MEP contractors seek protection as payment delays, risk persist

Industry leaders from Semco, Voltas, Wasl Properties call on main contractors and clients to improve payment practices

MEP contractors say they continue to face payment delays.
MEP contractors say they continue to face payment delays.

The Middle East's mechanical, electrical and plumbing (MEP) contractors have called for regulation to protect them against increased market risks as competition squeezes contract prices in a market facing payment delays and issues with the design-build contract model, it emerged at the fifth MEP Conference UAE, organised by Construction Week's sister title MEP Middle East.

A panel named 'Contract Negotiations and Risk Analysis' was held during the half-day conference to discuss how the region's MEP contractors may safeguard their financials and boost growth for the long term, with experts agreeing that MEP builders must conduct more thorough analyses prior to signing to the contract. 

Technical director at Griffin Consultants, Hassan Younes, moderated the panel, which comprised vice president of Semco, Subhash Pritmani; head of technical support and planning at Wasl Properties, Suhas Inamdar; and senior general manager of operations at India's Tata Group-backed contractor, Voltas, A R Suresh Kumar. 

Kumar said the lack of an association or similar professional body for MEP contractors was a longstanding problem that would continue to hurt the industry. 

He continued: “Either governments or [a global] association should introduce regulations to make sure that all the issues faced by MEP contractors [...] are resolved with clients, contractors, and consultants.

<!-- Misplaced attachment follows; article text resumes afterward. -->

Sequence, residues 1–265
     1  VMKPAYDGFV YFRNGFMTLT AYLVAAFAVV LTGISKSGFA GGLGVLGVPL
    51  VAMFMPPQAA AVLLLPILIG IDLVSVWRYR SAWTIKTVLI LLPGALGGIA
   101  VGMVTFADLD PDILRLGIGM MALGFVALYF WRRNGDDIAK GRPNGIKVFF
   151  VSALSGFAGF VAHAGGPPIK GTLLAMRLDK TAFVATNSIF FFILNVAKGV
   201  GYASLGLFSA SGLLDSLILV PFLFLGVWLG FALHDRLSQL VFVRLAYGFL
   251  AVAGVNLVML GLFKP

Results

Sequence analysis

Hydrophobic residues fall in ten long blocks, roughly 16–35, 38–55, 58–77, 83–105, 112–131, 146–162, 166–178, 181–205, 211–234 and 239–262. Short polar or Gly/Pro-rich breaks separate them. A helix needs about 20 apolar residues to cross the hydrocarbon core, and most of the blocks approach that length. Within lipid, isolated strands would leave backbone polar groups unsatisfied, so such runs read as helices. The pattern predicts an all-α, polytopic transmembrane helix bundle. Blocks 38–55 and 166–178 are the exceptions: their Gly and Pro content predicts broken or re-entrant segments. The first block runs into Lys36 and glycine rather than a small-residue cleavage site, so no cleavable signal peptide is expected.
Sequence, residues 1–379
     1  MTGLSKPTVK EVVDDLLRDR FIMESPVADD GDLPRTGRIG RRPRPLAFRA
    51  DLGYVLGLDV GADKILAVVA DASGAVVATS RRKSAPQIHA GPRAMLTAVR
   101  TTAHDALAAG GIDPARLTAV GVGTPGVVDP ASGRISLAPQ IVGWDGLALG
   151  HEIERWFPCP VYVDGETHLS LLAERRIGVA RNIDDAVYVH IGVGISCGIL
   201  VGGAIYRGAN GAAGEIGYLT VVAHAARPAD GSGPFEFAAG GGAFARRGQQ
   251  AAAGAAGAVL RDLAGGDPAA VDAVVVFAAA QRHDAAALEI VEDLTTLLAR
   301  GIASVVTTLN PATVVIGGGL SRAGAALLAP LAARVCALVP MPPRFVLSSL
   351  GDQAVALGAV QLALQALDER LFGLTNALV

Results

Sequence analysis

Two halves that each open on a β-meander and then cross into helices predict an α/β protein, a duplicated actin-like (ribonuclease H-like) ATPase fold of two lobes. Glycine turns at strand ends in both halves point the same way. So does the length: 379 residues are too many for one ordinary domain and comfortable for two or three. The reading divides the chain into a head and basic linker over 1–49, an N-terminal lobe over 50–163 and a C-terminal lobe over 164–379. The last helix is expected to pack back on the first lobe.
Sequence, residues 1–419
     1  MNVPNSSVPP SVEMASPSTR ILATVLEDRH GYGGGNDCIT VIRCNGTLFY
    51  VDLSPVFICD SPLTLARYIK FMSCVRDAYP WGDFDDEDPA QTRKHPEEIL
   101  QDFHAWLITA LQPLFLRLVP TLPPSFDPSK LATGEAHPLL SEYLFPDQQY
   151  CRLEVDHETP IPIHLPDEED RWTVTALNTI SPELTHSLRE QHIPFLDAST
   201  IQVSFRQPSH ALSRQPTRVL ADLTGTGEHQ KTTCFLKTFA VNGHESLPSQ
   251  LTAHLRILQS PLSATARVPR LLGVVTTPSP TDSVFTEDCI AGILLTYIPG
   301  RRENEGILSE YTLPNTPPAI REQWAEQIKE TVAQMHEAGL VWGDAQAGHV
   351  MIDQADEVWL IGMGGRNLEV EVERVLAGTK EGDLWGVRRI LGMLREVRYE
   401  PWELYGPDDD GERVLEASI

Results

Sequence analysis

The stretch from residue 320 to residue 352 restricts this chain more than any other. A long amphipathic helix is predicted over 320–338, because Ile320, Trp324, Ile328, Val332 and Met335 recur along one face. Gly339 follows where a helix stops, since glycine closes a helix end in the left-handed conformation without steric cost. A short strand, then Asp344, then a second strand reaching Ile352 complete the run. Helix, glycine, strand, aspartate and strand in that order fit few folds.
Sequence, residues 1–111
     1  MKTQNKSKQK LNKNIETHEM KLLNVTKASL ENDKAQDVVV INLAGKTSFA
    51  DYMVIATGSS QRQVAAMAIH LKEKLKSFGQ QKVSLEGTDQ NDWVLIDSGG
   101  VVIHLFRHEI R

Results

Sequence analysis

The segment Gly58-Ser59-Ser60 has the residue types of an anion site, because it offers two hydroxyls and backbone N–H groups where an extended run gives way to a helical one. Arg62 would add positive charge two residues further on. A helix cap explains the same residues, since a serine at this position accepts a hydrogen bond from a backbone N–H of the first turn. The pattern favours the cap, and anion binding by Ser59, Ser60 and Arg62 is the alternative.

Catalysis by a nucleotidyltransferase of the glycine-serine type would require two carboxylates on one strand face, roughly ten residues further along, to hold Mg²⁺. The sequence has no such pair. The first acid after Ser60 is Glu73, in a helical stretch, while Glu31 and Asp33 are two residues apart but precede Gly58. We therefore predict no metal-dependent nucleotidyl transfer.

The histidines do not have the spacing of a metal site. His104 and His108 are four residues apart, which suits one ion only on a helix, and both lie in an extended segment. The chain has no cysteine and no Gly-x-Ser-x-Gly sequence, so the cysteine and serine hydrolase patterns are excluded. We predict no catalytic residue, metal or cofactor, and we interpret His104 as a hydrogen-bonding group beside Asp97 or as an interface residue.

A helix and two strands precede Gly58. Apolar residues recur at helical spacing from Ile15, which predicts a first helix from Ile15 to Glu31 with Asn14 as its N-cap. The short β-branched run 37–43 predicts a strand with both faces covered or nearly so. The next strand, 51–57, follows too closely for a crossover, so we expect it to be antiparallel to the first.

“The practice [followed by clients] of issuing prequalifications before signing the tender should be reversed, and only then will MEP contractors be able to create a solid foundation for their companies.”

Semco's Pritmani said that MEP contractors must be handed build-only contracts instead of design-build ones, adding that design ought to be the responsibility of consultants. 

Additionally, Pritmani explained, main contractors must stop the 'pay-in, pay-out' model, and instead establish proper mechanisms to ensure MEP firms are paid in line with the schedule agreed as part of their contract.

Wasl's Inamdar agreed, warning that payment variations could also cause challenges during implementation, paving the way for errors during the course of the contract. 

For more news from the Middle East's MEP sector, please visit

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